of crocodiles.’ Number 3: The Goonch Catfish
The goonch catfish, also known as the giant devil catfish is part of a genus of fish called
Bagarius which contains four other species. The goonch is the largest of the four weighing
over 200 pounds and reaching lengths of almost 6.6 feet. Their physical characteristics are similar
to those of other catfish species and include broad heads and mouths, wide gill openings
and fins which have filamentous extensions. They are mainly found in regions with fast
moving rivers in South and Southeast Asia. In recent years the goonch catfish has gathered
a reputation as a ‘man eater’ mainly due to several incidents which have occurred in
areas along the Kali River, which flows between Nepal and India. After the fulfillment of Hindu burying rites,
the locals disposed of the funeral pyres in the river. It is believed that the goonch catfish population
had fed on the corpses, which had caused the fish to grow to considerable sizes. Aside from their unplanned growth spurt the
fish were also believed to have acquired a taste for human flesh. In April 1998, as teenager Dil Bahadur was
swimming in the Kali River, he disappeared underwater. His girlfriend and a number of eyewitnesses
stated that something had dragged the 17-year-old below surface level. Residents formed a search party and covered
an area of 3.11 miles for three days. Still, Dil Bahadur’s remains were never
found. Three months after this attack, a young boy
named Dharma Gat was pulled underwater before his father’s eyes. His body was never found. The most recent attack took place in 2007,
in similar circumstances, this time the victim being an 18-year-old man from Nepal. Eyewitness reports described that the victim
had been dragged into the water by a large pig. In an effort to distinguish fact from what
he believed were local legends, biologist Jeremy Wade offered to catch whatever was
causing the attacks. Although skeptical at first, he was intrigued
that all the attacks had happened in a 4-5 mile radius. Before embarking on the expedition he had
heard reports of a domestic water buffalo having been dragged below the water’s surface
by some creature even though the animal had only been drinking in a depth of about 3 feet. After a failed attempt of capturing the creature
using a fishing rod, Wade used a funeral pyre in order to lure it in. Before long, a 6 foot-long, 170 pound-heavy
goonch catfish was caught. It was three times heavier than the average
goonch. Wade concluded that even larger specimens
must have inhabited the river. Number 2: Puffer Fish
Puffer fish are commonly referred to as blowfish. This is mainly due to their ability to increase
in size, several times their normal proportions, in order to intimidate predators. Their incredibly elastic stomachs enable them
to quickly ingest a large amount of water and even air until they become a ball that
makes it almost impossible for predators to consume them. In addition to this defense mechanism, some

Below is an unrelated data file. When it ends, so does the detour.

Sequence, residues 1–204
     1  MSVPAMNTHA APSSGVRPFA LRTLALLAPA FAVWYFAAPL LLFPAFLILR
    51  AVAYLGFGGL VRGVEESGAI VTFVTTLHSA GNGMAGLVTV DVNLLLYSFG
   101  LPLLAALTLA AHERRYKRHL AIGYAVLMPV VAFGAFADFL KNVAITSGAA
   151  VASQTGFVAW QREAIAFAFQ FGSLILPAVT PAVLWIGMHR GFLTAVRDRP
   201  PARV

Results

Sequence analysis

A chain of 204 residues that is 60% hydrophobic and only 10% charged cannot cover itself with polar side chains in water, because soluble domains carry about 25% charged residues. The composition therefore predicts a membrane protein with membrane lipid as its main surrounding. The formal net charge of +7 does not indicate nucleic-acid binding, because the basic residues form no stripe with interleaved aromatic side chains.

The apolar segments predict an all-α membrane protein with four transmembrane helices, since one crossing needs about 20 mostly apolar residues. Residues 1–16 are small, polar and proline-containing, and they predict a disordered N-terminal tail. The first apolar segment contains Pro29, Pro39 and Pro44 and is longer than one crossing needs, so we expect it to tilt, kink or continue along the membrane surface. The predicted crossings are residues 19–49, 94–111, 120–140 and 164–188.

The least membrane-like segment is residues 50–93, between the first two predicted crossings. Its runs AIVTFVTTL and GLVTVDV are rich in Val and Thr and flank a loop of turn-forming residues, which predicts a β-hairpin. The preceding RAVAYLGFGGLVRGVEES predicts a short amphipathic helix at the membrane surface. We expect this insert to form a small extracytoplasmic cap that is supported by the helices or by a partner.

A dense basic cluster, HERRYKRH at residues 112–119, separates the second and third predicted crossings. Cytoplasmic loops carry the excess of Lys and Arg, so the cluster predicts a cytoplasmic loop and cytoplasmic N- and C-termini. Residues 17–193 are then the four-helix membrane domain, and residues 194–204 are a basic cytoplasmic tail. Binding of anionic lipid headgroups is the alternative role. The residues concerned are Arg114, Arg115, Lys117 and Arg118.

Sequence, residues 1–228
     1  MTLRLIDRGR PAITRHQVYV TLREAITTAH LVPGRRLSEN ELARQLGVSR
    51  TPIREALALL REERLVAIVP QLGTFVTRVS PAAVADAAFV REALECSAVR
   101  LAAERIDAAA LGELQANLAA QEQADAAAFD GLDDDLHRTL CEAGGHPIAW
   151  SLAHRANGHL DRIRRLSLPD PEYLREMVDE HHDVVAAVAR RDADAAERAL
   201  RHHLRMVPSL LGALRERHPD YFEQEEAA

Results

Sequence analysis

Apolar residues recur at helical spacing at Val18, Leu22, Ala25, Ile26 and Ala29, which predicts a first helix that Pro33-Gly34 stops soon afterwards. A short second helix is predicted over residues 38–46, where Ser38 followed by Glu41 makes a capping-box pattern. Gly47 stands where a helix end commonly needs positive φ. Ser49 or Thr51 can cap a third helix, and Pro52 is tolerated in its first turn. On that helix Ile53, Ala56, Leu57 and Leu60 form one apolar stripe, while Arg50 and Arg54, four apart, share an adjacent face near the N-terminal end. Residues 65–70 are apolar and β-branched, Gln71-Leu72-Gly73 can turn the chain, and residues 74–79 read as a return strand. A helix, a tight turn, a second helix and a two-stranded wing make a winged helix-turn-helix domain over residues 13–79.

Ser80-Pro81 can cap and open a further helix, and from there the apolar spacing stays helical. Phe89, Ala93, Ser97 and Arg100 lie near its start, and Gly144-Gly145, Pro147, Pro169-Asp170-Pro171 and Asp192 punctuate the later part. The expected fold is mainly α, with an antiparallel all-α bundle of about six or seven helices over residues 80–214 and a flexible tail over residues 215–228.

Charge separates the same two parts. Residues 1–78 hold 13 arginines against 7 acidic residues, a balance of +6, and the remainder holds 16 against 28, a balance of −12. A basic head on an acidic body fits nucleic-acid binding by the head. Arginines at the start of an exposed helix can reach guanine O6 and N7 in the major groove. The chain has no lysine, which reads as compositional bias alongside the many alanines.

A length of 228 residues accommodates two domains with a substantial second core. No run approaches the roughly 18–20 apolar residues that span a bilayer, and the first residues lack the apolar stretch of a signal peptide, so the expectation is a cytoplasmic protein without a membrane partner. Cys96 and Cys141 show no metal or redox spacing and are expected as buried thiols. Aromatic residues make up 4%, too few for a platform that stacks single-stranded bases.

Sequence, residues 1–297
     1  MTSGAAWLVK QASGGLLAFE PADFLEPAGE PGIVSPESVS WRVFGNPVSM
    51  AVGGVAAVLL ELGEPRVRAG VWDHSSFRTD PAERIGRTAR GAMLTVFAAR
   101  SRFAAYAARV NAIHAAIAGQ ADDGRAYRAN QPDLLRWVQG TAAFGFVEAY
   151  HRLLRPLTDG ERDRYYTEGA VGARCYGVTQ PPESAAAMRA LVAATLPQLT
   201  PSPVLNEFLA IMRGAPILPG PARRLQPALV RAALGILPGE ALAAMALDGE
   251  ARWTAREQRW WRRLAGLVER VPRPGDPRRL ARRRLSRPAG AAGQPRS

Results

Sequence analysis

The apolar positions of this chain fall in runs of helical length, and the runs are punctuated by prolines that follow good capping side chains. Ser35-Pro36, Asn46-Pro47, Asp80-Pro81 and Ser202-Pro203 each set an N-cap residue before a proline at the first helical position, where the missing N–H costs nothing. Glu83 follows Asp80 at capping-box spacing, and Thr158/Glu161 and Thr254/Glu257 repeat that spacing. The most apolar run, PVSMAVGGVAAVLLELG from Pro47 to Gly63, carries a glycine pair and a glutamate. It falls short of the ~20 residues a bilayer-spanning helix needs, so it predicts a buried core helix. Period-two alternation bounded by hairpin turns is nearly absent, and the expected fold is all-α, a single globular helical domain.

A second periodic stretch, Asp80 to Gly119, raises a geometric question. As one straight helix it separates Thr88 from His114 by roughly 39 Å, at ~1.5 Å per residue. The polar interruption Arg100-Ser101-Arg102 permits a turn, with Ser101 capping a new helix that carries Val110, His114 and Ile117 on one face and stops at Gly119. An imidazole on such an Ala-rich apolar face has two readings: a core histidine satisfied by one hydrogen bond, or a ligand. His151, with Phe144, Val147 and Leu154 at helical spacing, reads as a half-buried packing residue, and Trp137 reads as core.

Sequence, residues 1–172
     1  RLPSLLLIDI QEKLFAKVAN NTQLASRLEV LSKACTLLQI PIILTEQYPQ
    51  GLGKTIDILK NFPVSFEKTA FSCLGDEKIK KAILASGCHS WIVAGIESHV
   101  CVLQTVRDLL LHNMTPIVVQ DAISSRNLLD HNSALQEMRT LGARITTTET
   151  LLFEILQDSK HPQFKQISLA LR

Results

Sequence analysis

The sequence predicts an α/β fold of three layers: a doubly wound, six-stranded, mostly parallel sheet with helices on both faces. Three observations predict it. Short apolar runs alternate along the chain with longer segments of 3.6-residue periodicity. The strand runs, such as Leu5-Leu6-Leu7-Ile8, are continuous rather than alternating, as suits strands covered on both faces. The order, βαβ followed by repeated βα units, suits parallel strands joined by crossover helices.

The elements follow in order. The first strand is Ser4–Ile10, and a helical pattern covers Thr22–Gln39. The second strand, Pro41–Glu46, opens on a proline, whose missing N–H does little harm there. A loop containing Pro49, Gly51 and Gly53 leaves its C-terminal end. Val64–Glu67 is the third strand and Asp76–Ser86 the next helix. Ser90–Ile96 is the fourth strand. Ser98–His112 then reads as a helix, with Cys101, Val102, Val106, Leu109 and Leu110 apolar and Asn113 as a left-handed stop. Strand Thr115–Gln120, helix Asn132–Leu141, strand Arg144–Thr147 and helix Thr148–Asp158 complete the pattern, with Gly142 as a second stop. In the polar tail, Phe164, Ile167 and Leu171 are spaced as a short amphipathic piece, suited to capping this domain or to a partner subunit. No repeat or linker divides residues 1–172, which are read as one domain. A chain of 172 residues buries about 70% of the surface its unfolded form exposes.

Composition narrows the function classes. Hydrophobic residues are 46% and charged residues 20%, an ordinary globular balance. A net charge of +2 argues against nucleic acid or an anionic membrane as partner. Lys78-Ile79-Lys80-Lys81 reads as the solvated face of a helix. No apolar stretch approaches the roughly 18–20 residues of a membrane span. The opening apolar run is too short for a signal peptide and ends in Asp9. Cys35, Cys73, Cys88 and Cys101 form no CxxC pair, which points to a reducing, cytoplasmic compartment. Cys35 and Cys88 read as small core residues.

species also develop spines on their bodies thus effectively preventing any possible ingestion. Most puffer fish species also contain a substance
called tetrodotoxin. Although it is often lethal for any predators
that consume the puffer fish in their non-inflated state, for human beings tetrodotoxin is almost
1.200 times more deadly than cyanide. There is currently no known antidote to counter
its effects. A single puffer fish has enough tetrodotoxin
to kill 30 adult humans. Ironically, puffer fish meat is seen as a
delicacy. Known as ‘fugu’ in Japan, a meal consisting
of puffer fish meat is only prepared by experienced chefs who are aware of the dangers they and
their customers face. However, there are a number of deaths recorded
annually as a consequence of eating puffer fish. Biologists have identified over 120 species
of puffer fish. Some of them have colors that blend with the
environment while others have patterns and markings that are an indication of their highly
poisonous nature. Number 1: Stonefish
The stonefish lives in the estuaries, rock or coral formations in the shallow coastal
waters of the Indian and Pacific oceans. It is a thick fish with small eyes, a large
head and a large mouth. Its skin has a bumpy texture and is often
covered with lumps which are similar to warts. Because it is able to blend with the surrounding
environment so well, the stonefish usually rests at the bottom, often completely motionless. It is mainly an ambush predator capable of
delivering a swift attack, swallowing its prey in 0.015 seconds. The stonefish is widely considered to be the
most venomous fish in the world. It secrets neurotoxins from the glands located
at the base of its dorsal fin. Whenever the stonefish feels threatened the
sharp spines on its dorsal fin stick up ready to inject a dose of its venom. A member of the Synanceia genus, the name
‘stonefish’ is derived from the fish’s ability of camouflaging itself. Swimmers might not see it because of its stone-like
color and accidentally step on it. The side effects of being stung by a stonefish
include paralysis, severe pain and tissue necrosis. The more pressure applied to the fish, the
more venom it delivers. The sting of a stonefish may lead to heart
failure and even death thus it should be treated as a medical emergency. Treatments include the administration of anti-venom
and applying heat to the affected area, which in some cases has reportedly destroyed the
venom. Stonefish bites can also occur on the beach
as the fish has the ability of surviving for 24 hours outside of water.

100
Comments

Leave a Reply

Your email address will not be published. Required fields are marked *